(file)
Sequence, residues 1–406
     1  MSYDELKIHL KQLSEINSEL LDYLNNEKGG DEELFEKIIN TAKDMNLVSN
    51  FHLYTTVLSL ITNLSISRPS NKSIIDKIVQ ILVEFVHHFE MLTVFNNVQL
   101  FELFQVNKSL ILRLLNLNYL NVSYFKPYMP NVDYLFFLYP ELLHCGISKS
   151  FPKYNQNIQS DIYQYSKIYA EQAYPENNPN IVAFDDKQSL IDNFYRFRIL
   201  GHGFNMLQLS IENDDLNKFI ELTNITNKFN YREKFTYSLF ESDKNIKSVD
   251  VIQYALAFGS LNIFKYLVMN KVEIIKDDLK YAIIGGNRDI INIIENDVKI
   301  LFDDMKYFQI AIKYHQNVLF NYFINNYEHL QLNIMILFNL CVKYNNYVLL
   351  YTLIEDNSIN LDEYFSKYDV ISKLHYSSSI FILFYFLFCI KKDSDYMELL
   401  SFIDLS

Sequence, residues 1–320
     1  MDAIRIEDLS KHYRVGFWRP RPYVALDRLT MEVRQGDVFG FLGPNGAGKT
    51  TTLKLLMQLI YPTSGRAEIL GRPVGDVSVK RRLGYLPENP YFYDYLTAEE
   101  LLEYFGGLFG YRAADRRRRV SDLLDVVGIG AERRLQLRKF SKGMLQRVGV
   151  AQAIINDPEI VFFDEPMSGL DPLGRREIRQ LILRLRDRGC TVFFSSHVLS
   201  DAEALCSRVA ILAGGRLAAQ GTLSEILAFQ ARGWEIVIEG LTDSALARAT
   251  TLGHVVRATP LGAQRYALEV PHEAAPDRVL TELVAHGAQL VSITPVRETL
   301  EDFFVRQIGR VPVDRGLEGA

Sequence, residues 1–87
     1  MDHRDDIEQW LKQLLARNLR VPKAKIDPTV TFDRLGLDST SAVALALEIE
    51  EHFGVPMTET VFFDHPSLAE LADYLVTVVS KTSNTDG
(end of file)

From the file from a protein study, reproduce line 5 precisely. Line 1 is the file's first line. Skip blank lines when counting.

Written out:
   151  FPKYNQNIQS DIYQYSKIYA EQAYPENNPN IVAFDDKQSL IDNFYRFRIL